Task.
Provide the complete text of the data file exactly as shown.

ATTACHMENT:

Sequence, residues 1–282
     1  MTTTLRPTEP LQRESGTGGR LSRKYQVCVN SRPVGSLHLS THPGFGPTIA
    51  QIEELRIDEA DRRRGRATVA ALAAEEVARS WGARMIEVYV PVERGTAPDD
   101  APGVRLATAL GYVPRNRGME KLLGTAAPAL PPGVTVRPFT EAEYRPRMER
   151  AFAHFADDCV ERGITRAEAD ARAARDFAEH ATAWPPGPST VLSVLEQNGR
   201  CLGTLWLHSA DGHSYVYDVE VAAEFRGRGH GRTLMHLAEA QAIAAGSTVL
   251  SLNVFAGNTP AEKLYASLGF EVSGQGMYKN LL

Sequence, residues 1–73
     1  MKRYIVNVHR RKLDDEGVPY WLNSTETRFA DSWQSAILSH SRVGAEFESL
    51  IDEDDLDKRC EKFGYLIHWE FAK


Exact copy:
Sequence, residues 1–282
     1  MTTTLRPTEP LQRESGTGGR LSRKYQVCVN SRPVGSLHLS THPGFGPTIA
    51  QIEELRIDEA DRRRGRATVA ALAAEEVARS WGARMIEVYV PVERGTAPDD
   101  APGVRLATAL GYVPRNRGME KLLGTAAPAL PPGVTVRPFT EAEYRPRMER
   151  AFAHFADDCV ERGITRAEAD ARAARDFAEH ATAWPPGPST VLSVLEQNGR
   201  CLGTLWLHSA DGHSYVYDVE VAAEFRGRGH GRTLMHLAEA QAIAAGSTVL
   251  SLNVFAGNTP AEKLYASLGF EVSGQGMYKN LL

Sequence, residues 1–73
     1  MKRYIVNVHR RKLDDEGVPY WLNSTETRFA DSWQSAILSH SRVGAEFESL
    51  IDEDDLDKRC EKFGYLIHWE FAK